Frequently Asked Questions: Smart Slings
Answer:The Smart Sling™ system will immediately alert users of the situation. First through the base station, the laptop will display a red “Overload” alert on the screen. Since there is a direct connection between the sling and the base, this alert will be seen even if there is no internet connection available on site. In addition, if there is an internet connection, the alerts will also immediately be transmitted through text message and email to any registered users on the system. They will receive this alert no matter where they are located, as long as they have access to the device registered.
Once the sling has been overloaded, it will show the Overload status on the system even after the load has been removed. This ensures that a severely overloaded sling will not be used again in a questionable state. The sling must be returned to an authorized Slingmax® repair station. If the sling passes inspection and proof load, then the Smart Sling™ system will be reset and the sling can be put back into service.
In addition, Slingmax® has taken some extra steps to decrease the chance for interference. One is Smart Sling™ operates on the 915 MHz band, rather than the more crowded 2.4 GHz that is used for most Wifi and equipment remote controls. The other is Smart Sling™ constantly hops between different frequencies in the assigned band. If there is interference on one frequency, it will only be on that for seconds before moving to the next.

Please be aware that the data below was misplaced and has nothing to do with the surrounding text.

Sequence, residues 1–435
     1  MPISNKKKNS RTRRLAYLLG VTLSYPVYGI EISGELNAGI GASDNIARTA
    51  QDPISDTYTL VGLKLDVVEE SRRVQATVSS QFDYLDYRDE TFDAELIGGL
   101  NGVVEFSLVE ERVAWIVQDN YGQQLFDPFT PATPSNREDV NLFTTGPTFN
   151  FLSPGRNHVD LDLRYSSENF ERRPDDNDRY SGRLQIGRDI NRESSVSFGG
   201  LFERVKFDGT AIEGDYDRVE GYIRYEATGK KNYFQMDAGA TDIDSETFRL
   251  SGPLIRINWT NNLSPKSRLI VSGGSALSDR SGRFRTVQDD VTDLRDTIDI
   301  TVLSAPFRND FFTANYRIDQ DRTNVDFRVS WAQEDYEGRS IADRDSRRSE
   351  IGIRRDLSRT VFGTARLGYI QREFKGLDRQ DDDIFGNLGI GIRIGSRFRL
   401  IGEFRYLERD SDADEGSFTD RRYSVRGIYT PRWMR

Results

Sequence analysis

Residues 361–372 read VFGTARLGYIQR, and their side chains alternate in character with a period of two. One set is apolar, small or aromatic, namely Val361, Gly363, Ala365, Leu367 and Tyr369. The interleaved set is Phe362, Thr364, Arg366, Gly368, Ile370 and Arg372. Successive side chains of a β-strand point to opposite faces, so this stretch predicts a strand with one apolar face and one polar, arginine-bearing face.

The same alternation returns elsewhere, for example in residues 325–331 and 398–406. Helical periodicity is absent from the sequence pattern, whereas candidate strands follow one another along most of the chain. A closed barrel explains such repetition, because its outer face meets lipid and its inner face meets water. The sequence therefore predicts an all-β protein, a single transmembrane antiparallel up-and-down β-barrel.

In the event of an overload, the Smart Sling mechanical system immediately engages, indicating that the load on the sling has exceeded over twice its rated capacity.
A Load Moment Indicator (LMI) is designed to monitor the entire load, which protects your crane. However, each individual sling is not monitored. Smart Sling monitors loads on each individual sling in your lift plan. Individual slings may be overloaded due to variables such as improper rigging, extreme sling angles, dynamic loading, and uneven load distribution. Any of these may cause one or more individual slings to be overloaded while the total load remains below the capacity of the crane.